Robert M. La Follette School of Public Affairs
Wednesday, November 23, 2016

Elizabeth Doyle, MPA

Elizabeth Doyle, MPA

Hometown
Verona, Wisconsin

Undergraduate education
Bachelor’s degree in community and nonprofit leadership, University of Wisconsin-Madison

Professional/research interests
Affordable housing and gender equity

Awards/honors
2015 Louise Troxell Award, 2015 Wisconsin Truman Scholar, 2016 Truman Summer Institute Fellow, 2016 Truman Governance Fellow, Verona City Council President

Expected graduation
May 2017

Why an MPA?
Becoming a parent forced me to take a closer look at what kind of world my daughter’s generation would inherit and inspired me to take a more active role in shaping policies. This journey began with volunteering for political campaigns in the 2008 election.

From there I volunteered to organize a health advocacy group that held social and educational events and took an active role in fundraising for my daughter’s school. These experiences equipped me with the necessary skills to take a more active role in the 2012 election by becoming a campaign fellow and subsequently running my own campaign for the Verona City Council in 2013.

Although my initial education trajectory focused on accounting and business, when I transferred to the University of Wisconsin-Madison in the fall of 2013 I pursued an undergraduate degree in Community and Nonprofit Leadership through the School of Human Ecology. This inspired me to consider the public sector as a more fulfilling and interesting forum for achieving my professional and personal goals.

A master’s degree in public affairs will allow me to formalize the knowledge I’ve accumulated through work and volunteer experience into an invaluable asset when I enter the job market.

Why the La Follette School?
I chose the La Follette School because I plan to stay in the local community after graduation. La Follette coursework allows ample opportunity to increase my knowledge base of local issues and work with organizations in the area through project work. The accelerated program was another factor in my decision because it allowed me to increase the timeline by which I will earn my degree, which was a very attractive feature.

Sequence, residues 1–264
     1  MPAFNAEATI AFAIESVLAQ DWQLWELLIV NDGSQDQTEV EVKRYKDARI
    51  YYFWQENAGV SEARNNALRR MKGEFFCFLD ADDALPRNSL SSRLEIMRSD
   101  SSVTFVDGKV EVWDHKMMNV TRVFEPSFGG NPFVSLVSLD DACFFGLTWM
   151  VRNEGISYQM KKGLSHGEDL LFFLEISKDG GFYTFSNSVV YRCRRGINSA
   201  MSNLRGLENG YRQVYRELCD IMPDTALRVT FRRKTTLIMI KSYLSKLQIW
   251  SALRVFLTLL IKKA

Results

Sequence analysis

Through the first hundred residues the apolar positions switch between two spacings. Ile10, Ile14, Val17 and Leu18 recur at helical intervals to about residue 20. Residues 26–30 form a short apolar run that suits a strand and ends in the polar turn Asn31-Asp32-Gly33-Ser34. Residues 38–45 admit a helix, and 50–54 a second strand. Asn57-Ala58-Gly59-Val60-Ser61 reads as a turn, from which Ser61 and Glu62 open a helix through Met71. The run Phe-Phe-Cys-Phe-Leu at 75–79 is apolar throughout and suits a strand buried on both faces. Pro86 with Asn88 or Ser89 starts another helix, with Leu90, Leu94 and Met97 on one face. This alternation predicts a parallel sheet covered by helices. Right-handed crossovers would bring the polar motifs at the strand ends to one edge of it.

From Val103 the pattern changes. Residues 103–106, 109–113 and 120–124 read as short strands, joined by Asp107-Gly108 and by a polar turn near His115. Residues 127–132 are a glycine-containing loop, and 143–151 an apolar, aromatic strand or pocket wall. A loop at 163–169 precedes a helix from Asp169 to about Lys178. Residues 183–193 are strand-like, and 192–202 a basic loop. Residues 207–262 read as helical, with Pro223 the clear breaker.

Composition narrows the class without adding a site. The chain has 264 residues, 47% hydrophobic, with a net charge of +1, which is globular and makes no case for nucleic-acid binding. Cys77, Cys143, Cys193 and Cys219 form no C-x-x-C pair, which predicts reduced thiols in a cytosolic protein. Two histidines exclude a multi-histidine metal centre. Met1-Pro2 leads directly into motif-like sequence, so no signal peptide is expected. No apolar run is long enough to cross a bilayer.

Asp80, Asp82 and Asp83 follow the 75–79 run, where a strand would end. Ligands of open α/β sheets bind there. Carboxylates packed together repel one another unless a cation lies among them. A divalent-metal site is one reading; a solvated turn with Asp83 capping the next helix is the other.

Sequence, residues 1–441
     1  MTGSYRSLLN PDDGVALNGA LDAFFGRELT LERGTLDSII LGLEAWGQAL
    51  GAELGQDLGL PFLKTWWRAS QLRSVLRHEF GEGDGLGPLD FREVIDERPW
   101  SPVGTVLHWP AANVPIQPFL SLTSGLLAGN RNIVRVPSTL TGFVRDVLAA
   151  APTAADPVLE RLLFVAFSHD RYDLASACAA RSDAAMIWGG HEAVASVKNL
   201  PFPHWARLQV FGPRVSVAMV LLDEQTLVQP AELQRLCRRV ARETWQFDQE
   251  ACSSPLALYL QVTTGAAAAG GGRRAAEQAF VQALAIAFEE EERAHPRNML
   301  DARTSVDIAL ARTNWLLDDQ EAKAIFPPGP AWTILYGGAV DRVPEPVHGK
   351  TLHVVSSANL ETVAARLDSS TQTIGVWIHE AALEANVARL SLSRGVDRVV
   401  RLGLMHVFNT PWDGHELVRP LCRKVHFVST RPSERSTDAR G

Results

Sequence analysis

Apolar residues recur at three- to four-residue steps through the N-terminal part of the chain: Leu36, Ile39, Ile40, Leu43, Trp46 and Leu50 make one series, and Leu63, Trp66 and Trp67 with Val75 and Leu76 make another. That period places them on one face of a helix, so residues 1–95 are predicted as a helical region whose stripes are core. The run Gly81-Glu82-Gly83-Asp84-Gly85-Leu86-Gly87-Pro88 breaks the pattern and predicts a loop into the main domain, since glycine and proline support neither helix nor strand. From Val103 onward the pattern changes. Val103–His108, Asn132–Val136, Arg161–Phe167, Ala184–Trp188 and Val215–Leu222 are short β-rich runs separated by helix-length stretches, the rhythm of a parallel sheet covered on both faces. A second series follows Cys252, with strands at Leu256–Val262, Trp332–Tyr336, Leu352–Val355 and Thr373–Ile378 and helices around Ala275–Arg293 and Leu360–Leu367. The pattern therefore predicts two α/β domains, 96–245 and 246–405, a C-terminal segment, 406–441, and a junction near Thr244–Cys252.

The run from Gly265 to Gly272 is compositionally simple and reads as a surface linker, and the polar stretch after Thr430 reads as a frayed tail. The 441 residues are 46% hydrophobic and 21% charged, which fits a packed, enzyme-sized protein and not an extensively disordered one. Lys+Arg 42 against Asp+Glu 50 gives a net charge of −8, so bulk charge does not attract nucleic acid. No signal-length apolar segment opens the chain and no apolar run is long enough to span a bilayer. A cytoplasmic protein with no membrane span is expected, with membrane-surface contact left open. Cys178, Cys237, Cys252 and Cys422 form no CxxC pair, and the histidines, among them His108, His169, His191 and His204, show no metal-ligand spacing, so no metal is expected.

How did you find out about La Follette’s accelerated program and what prompted you to apply? In order to apply for the Truman Scholarship, the applicant must create a plan regarding the pursuance of a master’s degree. Because I was adamant about staying in the area, I researched La Follette’s program offerings. I found information regarding the accelerated program and thought it was such an attractive option that I applied for the program prior to the outcome of the scholarship application process.

Summer internship
I was a Truman Fellow at City First in Washington, D.C., and worked almost exclusively with the organization’s executive director, who is a Truman Scholar Alumnus. My job consisted of researching policies and projects regarding affordable housing and community-based financing. I prepared memos and supporting documents based on this research, which I provided to the executive director and other necessary parties. I was also able to garner experience writing and assembling different portions of grant proposals and prepared a statement of work all related to an innovative community land trust project the organization was embarking upon.

Which experiences and skills helped you get the internship?
My experience in municipal government along with strong communication and research skills were assets in obtaining this internship. I have had the opportunity to improve and strengthen these skills through coursework at La Follette.

Career goals?
My goal is to continue working in the public sector either through a managerial or analytical role within local government because I believe that this is the level where change can most effectively be enacted.

How have your La Follette School courses and/or experiences set you on the path to meeting your career goals?
Coursework at La Follette has equipped me with a strong foundation with which to tackle any policy challenge. I have also had the opportunity to explore topics that are of particular interest to my career goals, including infrastructure and the private sector perspective regarding environmental and social justice issues through a graduate certificate program offered by the business school.

The networking opportunities and feedback regarding professional development provided by the school have been particularly helpful in defining my career goals and supporting my career search.

What advice would you give to prospective La Follette School students?
I would tell prospective students to explore the campus and surrounding area. Madison represents a unique intersection of policy dynamics that allow for the exploration of many opportunities.

People would be surprised if they knew ...
In 2014, I became the Verona City Council’s first female president in its history.